Walk through the first rainstorm of the season and it slowly hits you: that fresh, earthy smell.
Before it hits the ground, rain is just water. It has no smell. But after the drops hit the ground and interact with dirt, the fresh and almost sweet fragrance of rain is let go. Now, scientists think they've identified the exact mechanism that releases this aroma into the environment.
The smell actually has a name. It's called "petrichor," from the Greek words "petra," meaning "stone," and "ichor," which refers to the fluid that flows like blood in the veins of the gods. The phenomenon was first characterized (as the familiar smell after a light rain) by two Australian scientists in 1964, but until now, researchers didn't understand the physical mechanism behind it. [Fishy Rain to Fire Whirlwinds: The World's Weirdest Weather]
"They talked about oils emitted by plants, and certain chemicals from bacteria, that lead to this smell you get after a rain following a long dry spell," Cullen Buie, an assistant professor of mechanical engineering at the Massachusetts Institute of Technology in Cambridge, said in a statement. "Interestingly, they don’t discuss the mechanism for how that smell gets into the air."
When a raindrop hits a porous surface it traps tiny pockets of air. These bubbles then speed upward, like bubbles in a glass of champagne, before breaking the drop's surface and releasing microscopic particles, called aerosols, into the air. The researchers think these aerosols carry the rainlike aroma.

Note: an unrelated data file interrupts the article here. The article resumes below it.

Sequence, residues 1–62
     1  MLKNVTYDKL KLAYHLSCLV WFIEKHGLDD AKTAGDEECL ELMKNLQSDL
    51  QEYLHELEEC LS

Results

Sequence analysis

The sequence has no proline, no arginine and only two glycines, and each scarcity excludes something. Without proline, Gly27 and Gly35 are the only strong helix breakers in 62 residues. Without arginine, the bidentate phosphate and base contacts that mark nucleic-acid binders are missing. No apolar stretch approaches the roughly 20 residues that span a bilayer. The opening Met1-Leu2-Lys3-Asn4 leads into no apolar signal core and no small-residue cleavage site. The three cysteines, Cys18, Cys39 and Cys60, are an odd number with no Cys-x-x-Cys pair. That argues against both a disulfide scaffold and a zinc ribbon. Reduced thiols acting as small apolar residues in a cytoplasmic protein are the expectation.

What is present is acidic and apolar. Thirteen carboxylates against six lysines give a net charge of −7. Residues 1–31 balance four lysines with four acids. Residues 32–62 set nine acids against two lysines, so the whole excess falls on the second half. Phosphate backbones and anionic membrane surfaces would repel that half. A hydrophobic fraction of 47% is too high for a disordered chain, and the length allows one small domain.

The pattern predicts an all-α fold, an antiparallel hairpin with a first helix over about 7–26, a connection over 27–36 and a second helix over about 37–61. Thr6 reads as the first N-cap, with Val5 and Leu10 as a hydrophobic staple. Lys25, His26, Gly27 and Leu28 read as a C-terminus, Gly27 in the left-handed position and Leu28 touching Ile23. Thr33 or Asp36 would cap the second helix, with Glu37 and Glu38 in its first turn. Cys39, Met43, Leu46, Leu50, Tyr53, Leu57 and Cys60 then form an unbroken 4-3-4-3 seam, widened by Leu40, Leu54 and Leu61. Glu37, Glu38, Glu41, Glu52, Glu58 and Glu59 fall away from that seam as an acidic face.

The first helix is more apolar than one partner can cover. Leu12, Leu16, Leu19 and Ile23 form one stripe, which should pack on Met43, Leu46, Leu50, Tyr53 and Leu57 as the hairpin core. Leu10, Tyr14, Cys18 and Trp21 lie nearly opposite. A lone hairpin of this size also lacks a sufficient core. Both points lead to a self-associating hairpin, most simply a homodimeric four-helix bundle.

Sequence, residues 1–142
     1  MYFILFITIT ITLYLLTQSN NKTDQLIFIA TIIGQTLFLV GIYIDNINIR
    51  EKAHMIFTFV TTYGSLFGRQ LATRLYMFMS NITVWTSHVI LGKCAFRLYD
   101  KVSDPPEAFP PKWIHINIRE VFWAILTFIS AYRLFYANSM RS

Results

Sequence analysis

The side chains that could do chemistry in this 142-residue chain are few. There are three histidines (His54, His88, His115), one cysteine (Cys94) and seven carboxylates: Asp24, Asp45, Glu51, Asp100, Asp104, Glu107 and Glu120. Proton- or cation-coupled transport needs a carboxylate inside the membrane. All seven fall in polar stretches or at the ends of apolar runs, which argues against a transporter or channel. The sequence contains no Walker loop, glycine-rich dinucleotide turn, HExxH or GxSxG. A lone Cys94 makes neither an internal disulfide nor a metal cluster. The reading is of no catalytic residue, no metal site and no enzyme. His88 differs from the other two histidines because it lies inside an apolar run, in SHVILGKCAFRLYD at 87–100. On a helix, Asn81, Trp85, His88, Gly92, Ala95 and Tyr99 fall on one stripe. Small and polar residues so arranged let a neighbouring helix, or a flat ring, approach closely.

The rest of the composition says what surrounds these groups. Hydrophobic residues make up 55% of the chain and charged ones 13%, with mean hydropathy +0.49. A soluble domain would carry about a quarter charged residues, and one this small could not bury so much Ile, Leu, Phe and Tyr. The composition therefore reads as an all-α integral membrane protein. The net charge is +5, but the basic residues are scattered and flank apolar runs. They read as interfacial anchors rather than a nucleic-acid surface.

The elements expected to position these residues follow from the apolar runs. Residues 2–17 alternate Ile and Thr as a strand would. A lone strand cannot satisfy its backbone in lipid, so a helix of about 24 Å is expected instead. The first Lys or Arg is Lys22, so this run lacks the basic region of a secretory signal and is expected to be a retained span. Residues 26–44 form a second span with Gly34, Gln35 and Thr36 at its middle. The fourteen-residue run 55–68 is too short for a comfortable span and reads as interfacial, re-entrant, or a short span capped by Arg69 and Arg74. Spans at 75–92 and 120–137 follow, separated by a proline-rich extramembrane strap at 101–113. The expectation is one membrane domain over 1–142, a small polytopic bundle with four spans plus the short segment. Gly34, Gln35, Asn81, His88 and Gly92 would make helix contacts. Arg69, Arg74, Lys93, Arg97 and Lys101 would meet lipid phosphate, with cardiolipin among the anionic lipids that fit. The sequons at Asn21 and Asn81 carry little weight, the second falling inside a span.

Buie and his postdoc, Youngsoo Joung, filmed raindrops as they hit 38 different types of surfaces: 12 engineered materials and 16 soil samples. Joung even sampled soil from around MIT's campus and along the Charles River.
The researchers observed the process with a system of high-speed cameras. Depending on the speed of the droplet, and the properties of the soil, a cloud of hundreds of aerosol droplets might be dispersed in as little as a few microseconds. The researchers saw this most often during light and moderate rain, while far fewer aerosols were released during heavy rain.
Scientists have long observed that raindrops can trap and release aerosols when they fall on water, but this is the first time they've observed the process happening on soil.
The new research "brings the conversation of bubble-induced aerosol formation from the ocean over to the land," said James Bird, an assistant professor of mechanical engineering at Boston University, who was not involved with the study. "Microbes from soil have been observed high in the atmosphere; this paper provides an elegant mechanism by which these microbes can be propelled past the stagnant layer of air around them to a place where the breeze can take them elsewhere."
The researchers think aerosols not only spread noticeable aromatic elements, but also certain contaminants, such as soil-based viruses and bacteria. Their future work will focus on just how easily and far these contaminants can spread.
The findings were published Jan. 14 in the journal Nature Communications (opens in new tab).